Blood Sugar - How Is Blood Sugar Abbreviated?
Blood sugar - How is blood sugar abbreviated? Basel Stadt (Basel Town; Suisse Half Canton) Belgisch Staatsblad (Dutch; Belgian government publication) Buy Stop (trading markets; stocks, bonds, commodities) Bungie Software (Microsoft-owned game developer) Body Shopping (bringing in foreign contractors to work for the US companies at lower salaries) Broadcast Satellaview (Super Nintendo Entertainment System) Bentonite slurry (tunnel boring machines) Bird Screen (drawings for HVAC fan or louver accessory) Brodosplit (Shipyard Company, Split, Croatia) Business Stupidity (opposite of Business Intelligence) Bjarne Stroustroup (creator of C++ language) Bien-Etre Sociale (Canadian French: welfare) Barfko Swill (Frank Zappa Production Company) Before Stinson (How I Met Your Mother; TV series reference) Black Sheep Brotherhood (gaming community) Want to thank TFD for its existence? Tell a friend about us , add a link to this page, or visit the webmaster's page for free fun content . Write what you mean clearly and correctly. Previous research has focused on the effects of high blood sugars on patients with diabetes, so more research was needed to understand how low blood sugars in patients with Type 2 diabetes caused irregular heartbeats, Heller emphasised. Low blood sugar may lead to heart rhythm disturbances Home blood sugar meters vary in price, size, and complexity, but overall they're relatively simple to use and require only a tiny drop of blood placed on a test strip. Innovation Direct[TM] at Forefront of Marketing Campaign for Non-Invasive Blood Sugar Reading Invention Refined carbohydrates, such as cookies, breads, and baked goods made with refined white flour, and foods high in simple sugars, such as jams, jellies, and candy, can cause blood sugar levels to climb becau Continue reading >>
A A1C, A1c, GHB, GHb, hemoglobin A1c, HbA1c, Hb1c, HbA1c: Hemoglobin A1c (a lab test for diabetes) (See The A1C Test and Diabetes) AADE: American Association of Diabetes Educators (a not-for-profit diabetes organization) (Website: www.diabeteseducator.org) ACE-I: Angiotensin converting enzyme inhibitor (a class of medications for treatment of hypertension) ADA: American Diabetes Association (a not-for-profit diabetes organization) (Website: www.diabetes.org) American Dietitic Association (previous name for The Academy of Nutrition and Dietetics, a not-for-profit nutrition organization) (Website: www.eatright.org) American Dental Association (a not-for-profit dental organization) (Website: www.ada.org) Americans with Disabilities Act (a U.S. law) (Website: www.ada.gov) AGEs: Advanced glycosylation end products (See AGEs) AODM: Adult-onset diabetes mellitus (a former term for type 2 diabetes) ARB: Angiotensin receptor blocker (a class of medications for treatment of hypertension) ASCVD: Arteriosclerotic cardiovascular disease or Atherosclerotic cardiovascular disease Continue reading >>
Blood Sugar Or Blood Glucose: What Does It Do?
Blood sugar, or blood glucose, is sugar that the bloodstream carries to all the cells in the body to supply energy. Blood sugar or blood glucose measurements represent the amount of sugar being transported in the blood during one instant. The sugar comes from the food we eat. The human body regulates blood glucose levels so that they are neither too high nor too low. The blood's internal environment must remain stable for the body to function. This balance is known as homeostasis. The sugar in the blood is not the same as sucrose, the sugar in the sugar bowl. There are different kinds of sugar. Sugar in the blood is known as glucose. Blood glucose levels change throughout the day. After eating, levels rise and then settle down after about an hour. They are at their lowest point before the first meal of the day, which is normally breakfast. How does sugar get into the body's cells? When we eat carbohydrates, such as sugar, or sucrose, our body digests it into glucose, a simple sugar that can easily convert to energy. The human digestive system breaks down carbohydrates from food into various sugar molecules. One of these sugars is glucose, the body's main source of energy. The glucose goes straight from the digestive system into the bloodstream after food is consumed and digested. But glucose can only enter cells if there is insulin in the bloodstream too. Without insulin, the cells would starve. After we eat, blood sugar concentrations rise. The pancreas releases insulin automatically so that the glucose enters cells. As more and more cells receive glucose, blood sugar levels return to normal again. Excess glucose is stored as glycogen, or stored glucose, in the liver and the muscles. Glycogen plays an important role in homeostasis, because it helps our body function du Continue reading >>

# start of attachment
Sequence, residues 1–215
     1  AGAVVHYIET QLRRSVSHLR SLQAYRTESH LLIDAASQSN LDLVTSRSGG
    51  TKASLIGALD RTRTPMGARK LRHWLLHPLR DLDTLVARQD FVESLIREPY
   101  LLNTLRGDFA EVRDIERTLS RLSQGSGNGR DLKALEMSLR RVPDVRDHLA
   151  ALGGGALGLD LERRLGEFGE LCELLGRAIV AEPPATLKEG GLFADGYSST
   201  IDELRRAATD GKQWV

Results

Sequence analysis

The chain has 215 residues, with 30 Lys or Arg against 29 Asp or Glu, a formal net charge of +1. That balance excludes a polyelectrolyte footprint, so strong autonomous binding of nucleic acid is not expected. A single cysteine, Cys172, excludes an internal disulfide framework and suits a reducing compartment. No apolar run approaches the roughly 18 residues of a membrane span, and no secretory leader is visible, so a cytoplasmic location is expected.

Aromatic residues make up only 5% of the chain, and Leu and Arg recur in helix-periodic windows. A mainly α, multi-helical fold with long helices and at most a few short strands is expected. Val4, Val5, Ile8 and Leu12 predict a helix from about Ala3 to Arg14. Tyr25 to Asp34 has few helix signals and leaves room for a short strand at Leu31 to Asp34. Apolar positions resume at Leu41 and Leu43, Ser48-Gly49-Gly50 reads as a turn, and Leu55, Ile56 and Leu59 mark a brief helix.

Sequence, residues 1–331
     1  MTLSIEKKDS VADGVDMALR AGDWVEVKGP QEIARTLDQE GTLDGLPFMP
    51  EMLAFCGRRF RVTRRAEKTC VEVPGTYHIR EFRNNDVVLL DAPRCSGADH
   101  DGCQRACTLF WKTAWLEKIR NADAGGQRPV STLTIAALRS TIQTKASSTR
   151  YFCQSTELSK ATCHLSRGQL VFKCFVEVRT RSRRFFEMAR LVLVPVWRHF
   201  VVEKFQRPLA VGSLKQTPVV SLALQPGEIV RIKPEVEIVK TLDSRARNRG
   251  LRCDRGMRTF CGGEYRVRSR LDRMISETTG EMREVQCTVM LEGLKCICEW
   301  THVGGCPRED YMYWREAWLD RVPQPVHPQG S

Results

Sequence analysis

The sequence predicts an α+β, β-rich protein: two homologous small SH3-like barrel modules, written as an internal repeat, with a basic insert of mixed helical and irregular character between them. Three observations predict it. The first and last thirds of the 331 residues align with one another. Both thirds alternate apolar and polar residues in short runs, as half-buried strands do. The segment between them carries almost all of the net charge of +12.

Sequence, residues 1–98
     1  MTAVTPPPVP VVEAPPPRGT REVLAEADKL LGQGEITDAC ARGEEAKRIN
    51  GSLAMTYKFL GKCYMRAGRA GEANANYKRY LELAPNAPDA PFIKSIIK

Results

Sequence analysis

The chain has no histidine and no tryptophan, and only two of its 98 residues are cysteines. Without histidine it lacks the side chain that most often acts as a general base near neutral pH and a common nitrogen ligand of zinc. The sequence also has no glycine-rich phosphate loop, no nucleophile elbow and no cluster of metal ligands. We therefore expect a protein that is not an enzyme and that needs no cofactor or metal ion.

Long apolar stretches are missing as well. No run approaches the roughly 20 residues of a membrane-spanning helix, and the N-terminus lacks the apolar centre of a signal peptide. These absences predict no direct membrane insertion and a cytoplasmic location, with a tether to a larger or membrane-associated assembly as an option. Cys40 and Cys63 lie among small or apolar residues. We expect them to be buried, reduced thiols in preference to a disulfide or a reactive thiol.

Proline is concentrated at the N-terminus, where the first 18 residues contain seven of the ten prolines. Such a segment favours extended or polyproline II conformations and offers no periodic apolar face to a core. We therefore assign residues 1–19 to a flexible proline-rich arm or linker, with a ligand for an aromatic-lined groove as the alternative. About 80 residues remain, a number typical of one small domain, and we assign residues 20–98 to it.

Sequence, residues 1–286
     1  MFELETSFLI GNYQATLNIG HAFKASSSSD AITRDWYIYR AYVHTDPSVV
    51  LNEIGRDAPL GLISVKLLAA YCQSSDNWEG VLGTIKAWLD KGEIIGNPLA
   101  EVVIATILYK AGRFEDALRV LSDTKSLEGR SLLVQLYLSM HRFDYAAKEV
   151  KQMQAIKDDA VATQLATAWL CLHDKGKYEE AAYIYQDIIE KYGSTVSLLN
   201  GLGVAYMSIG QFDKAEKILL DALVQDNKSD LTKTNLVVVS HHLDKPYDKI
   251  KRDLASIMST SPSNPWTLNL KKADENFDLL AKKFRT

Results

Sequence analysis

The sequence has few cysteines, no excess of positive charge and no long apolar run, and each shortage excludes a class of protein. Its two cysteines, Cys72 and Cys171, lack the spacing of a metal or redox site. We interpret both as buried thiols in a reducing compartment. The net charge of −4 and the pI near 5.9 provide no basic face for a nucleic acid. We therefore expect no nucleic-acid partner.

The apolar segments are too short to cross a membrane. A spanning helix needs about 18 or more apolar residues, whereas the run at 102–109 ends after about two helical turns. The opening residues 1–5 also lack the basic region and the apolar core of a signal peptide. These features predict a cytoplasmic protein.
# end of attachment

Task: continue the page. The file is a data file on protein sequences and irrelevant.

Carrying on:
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The following table lists some medical abbreviations with their intended meaning. Medical abbreviations beginning with ... A | B | C | D | E | F | G | H | I | J | K | L | M | N | O | P | Q | R | S | T | U | V | W | X | Y | Z A Abbreviation Meaning A atrial fibrillation A & E accident and emergency A & W alive and well AAA abdominal aortic aneurysm acute anxiety attack AB apex beat Ab antibody abortion Abd abdomen abdominal ABE acute bacterial endocarditis ABG arterial blood gases ABR absolute bed rest ACE angiotensin-converting enzyme ACTH adrenocorticotrophic hormone AD alzheimer's disease ADH antidiuretic hormone ADHD attention deficit hyperactivity disorder ADL activities of daily living ADR adverse drug reaction AED antiepileptic drug AFB acid-fast bacillus AFP α-fetoprotein Ag antigen AGL acute granulocytic leukaemia AGN acute glomerular nephritis AHD autoimmune haemolytic disease AI aortic incompetence aortic insufficiency AIDS acquired immune deficiency syndrome AJ ankle jerk AKA above knee amputation AL acute leukaemia ALL acute lymphocytic leukaemia ALT alanine transaminase AMA against medical advice AMI acute myocardial infarction ANA antinuclear antibody AOB alcohol on breath AP anteroposterior alkaline phosphatase apical pulse APPT activated partial thromboplastin time APSAC anisoylated plasminogen streptokinase activator complex A-R apical-radial pulse ARDS adult respiratory distress syndrome ARF acute renal failure AS anal sphincter ankylosing spondylitis aortic stenosis arteriosclerosis ASAP as soon as possible ASB asymptomatic bacteriuria ASD atrial septal defect AST aspartate transaminase ATN acute tubular necrosis AV atrioventricular aortic valve B Abbreviation Meaning BaE barium enema BB bed bath BBA born before arrival BBB blood-brain barrier bundle Continue reading >>